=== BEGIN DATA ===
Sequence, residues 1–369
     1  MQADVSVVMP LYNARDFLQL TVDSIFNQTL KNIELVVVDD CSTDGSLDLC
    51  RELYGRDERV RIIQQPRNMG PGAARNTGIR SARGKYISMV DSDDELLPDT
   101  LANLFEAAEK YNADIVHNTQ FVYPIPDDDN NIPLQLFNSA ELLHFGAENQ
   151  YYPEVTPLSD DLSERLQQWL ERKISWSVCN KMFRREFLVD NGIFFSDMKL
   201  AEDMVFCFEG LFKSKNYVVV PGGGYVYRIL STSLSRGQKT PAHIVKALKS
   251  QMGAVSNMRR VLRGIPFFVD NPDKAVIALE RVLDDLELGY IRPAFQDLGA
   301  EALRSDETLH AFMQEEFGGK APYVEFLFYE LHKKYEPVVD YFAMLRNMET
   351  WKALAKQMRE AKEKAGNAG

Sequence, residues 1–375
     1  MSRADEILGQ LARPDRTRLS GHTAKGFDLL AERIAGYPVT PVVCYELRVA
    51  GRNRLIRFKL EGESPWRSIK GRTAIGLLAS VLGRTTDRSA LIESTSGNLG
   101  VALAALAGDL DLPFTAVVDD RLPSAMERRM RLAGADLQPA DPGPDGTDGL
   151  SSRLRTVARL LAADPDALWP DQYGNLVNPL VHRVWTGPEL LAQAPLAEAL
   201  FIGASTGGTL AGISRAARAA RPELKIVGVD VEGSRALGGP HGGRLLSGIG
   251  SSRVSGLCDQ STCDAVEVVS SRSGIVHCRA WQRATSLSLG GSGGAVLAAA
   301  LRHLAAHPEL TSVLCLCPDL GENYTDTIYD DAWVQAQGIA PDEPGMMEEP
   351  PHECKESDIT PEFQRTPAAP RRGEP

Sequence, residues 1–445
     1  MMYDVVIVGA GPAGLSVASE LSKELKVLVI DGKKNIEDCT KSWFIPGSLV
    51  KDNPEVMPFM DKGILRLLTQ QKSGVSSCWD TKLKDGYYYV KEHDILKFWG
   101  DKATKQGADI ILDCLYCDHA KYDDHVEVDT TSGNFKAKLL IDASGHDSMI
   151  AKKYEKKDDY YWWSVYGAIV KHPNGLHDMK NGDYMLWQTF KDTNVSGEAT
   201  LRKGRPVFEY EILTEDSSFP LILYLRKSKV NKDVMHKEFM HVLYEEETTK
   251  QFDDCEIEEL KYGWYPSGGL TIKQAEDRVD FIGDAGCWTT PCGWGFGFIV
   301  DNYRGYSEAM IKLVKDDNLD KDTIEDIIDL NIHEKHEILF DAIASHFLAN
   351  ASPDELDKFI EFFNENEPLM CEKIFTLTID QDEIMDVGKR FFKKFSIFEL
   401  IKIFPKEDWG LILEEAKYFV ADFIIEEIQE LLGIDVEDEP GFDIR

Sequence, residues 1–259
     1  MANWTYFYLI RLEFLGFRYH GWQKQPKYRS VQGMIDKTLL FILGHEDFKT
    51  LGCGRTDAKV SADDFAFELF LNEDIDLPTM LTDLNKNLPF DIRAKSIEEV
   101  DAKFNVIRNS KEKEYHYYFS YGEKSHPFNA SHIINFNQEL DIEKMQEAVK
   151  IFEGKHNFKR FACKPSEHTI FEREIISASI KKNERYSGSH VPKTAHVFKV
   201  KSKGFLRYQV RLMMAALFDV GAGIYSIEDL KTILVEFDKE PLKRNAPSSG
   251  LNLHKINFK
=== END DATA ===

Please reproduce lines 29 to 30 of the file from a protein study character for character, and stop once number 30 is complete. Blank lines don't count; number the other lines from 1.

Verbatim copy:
Sequence, residues 1–259
     1  MANWTYFYLI RLEFLGFRYH GWQKQPKYRS VQGMIDKTLL FILGHEDFKT